Mal Waldron ‘Left Alone’ (Mal Live 4 to 1, Philips/Japan, 1971; Left Alone ‘86, Paddle Wheel, 1986; w/ Archie Shepp, Left Alone Revisited, Enja Records, 2002) & Abbey Lincoln

Personnel: piano, Mal Waldron, alto saxophone, Kohsuke Mine, bass, Isao Suzuki and drums Yoshiyuki Nakamura

While at Prestige Mal Waldron estimated he wrote up to 400 compositions, the most famous being ‘Left Alone’ written for Billie Holiday and the John Coltrane destined ‘Soul Eyes’. First recorded by Coltrane for his Interplay for 2 Trumpets and 2 Tenors (1957), the musician loved the piece that would become of the genre's classic songs so much he recorded it three times with different ensembles.

‘Left alone’ became known as Waldron’s ‘signature tune’, even though the lyrics were written by Billie Holiday. Holiday never released her version; it was one of the seven songs she wrote but never recorded, as she said she was meant to but would 'always forget the damned sheet music.' This absence is deeply poignant and powerful. The fact that there is no record of her singing something so indelibly hers, transforms her absence into a presence in an almost ghost-like way. With this in mind; it is striking how often Waldron recorded versions of songs from Holiday's repertoire throughout his his career. It's as if he were continually seeking out some connection with her.

As heard in the interview extract with Waldron included at the bottom of this piece their bond was a tender one, he likened their relationship to one of brother and sister. It is affecting to hear him speak of Billie Holiday in this way, especially when he remembers her as relaxed and warm (she was the godmother of his child). Perhaps especially because Holiday is so often represented and remembered in a fashion that emphasises the brutal nature of the circumstances of her death and difficult life and by so doing erases her complexity as a woman and artist. Waldron speaks of how Holiday taught him to value words, in themselves, and how this shaped his phrasing as a musician.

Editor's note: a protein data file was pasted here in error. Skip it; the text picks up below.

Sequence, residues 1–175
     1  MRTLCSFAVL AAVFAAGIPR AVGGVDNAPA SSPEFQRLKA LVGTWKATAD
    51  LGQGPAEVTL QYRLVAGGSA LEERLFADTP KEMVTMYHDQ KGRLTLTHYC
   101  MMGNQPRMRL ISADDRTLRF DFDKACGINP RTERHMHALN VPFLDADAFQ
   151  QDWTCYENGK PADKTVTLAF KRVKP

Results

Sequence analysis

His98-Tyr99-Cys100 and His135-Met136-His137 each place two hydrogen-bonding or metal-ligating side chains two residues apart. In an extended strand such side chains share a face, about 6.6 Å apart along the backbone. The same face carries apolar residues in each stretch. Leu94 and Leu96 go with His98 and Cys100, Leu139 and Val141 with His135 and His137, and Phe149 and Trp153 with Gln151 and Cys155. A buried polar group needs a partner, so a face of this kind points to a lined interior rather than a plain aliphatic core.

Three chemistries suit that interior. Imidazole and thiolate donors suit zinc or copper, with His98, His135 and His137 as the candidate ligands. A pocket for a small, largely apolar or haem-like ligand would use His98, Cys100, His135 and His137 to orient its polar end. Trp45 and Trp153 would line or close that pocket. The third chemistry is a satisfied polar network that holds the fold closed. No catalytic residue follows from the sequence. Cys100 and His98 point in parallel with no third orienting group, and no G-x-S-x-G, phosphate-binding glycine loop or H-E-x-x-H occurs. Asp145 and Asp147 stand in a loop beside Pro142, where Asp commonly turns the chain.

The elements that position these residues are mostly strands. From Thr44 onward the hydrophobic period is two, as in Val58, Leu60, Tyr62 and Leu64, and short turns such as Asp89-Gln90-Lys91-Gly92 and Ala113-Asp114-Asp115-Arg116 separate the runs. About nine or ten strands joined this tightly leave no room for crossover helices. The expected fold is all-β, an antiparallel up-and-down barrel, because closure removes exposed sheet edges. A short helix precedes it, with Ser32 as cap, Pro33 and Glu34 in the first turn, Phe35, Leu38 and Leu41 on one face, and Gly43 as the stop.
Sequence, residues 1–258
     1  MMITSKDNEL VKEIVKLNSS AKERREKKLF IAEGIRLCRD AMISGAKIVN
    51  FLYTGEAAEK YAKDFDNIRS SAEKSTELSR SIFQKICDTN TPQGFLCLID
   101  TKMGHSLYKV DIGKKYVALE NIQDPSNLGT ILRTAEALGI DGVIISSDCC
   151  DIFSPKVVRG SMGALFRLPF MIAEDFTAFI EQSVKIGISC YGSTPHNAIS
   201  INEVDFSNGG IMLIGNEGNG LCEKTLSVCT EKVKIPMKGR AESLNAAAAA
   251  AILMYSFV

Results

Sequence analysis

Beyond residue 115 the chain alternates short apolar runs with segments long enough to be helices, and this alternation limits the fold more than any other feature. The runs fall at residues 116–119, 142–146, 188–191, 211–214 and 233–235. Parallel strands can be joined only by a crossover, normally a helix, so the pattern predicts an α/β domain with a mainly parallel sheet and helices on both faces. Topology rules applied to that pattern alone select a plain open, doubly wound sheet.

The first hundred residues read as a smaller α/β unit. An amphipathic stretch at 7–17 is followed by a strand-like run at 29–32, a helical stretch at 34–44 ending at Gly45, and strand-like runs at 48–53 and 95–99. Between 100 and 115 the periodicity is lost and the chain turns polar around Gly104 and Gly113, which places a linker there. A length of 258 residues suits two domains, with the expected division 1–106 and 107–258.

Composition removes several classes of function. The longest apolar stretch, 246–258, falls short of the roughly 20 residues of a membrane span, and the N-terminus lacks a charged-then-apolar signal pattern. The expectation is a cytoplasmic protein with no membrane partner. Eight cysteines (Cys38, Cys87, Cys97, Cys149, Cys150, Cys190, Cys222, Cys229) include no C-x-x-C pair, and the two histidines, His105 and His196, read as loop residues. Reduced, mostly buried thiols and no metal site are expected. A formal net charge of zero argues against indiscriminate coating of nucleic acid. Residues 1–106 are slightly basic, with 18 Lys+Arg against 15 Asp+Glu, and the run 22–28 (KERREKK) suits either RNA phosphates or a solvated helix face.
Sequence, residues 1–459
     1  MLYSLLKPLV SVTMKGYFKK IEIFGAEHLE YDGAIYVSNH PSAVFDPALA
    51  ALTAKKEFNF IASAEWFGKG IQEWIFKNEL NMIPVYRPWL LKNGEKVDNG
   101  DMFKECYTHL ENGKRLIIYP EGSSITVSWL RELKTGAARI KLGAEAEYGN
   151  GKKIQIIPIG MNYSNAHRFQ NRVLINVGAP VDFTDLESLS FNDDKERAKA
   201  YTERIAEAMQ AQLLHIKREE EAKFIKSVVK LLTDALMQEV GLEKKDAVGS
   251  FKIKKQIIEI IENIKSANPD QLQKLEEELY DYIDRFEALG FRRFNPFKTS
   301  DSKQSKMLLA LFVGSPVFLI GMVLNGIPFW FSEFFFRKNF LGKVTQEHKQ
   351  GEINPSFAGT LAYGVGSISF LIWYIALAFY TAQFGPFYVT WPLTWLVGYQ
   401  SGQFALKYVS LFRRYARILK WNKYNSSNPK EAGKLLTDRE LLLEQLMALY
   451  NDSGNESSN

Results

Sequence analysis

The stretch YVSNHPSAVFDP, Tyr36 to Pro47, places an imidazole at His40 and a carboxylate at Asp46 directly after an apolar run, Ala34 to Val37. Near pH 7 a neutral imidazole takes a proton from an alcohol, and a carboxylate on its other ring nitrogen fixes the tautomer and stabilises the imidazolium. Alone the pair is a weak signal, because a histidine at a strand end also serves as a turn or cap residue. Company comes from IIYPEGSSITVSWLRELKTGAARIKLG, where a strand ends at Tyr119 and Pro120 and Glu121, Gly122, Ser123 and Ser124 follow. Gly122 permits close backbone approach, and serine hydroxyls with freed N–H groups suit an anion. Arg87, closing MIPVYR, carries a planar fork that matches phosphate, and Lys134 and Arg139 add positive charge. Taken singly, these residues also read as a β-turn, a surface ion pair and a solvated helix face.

Here’s Waldron’s recollection of how the song was written/composed, taken from the 2001 Ted Panken interview:

'In the previous set, we heard Mal Waldron with two great divas of the generation that grew up listening to Billie Holiday.  Mal Waldron played for several years with Billie Holiday.  I wonder if you can talk about how that happened and address the experience.

It was really an accident.  Because her pianist… She was working in Philadelphia, and her pianist just conked out, he couldn’t function any more.  So she needed the pianist.  So she asked Bill Duffy, who had written the book with her, to find a pianist, and Bill asked his wife, Millie Duffy, if she knew any musicians, and Millie asked Julian Euell, who was one of her friends, and Julian Euell asked me, and I said “The buck stops here.”  I got on a train and went there.  So it was an accident, but it was a beautiful accident for me.

Were you always a fan of her music?

Oh yes, I was a fan of her music, but I had never played it.  But I got a crash course!

And “Left Alone” was written for her?

Yes.  She wrote the words and I wrote the melody.  We were on a plane going from New York to San Francisco.  It took more time than it does now because they were propeller planes.  She just wanted to write tune about her life, so she wrote those lyrics, and I wrote the melody.  By the time we got off the plane, it was finished.

What was she like with the band?

She was very relaxed.  In fact, she didn’t make rehearsals.  She didn’t like to make rehearsals.  She just came on and did it.  So I had to rehearse the band!'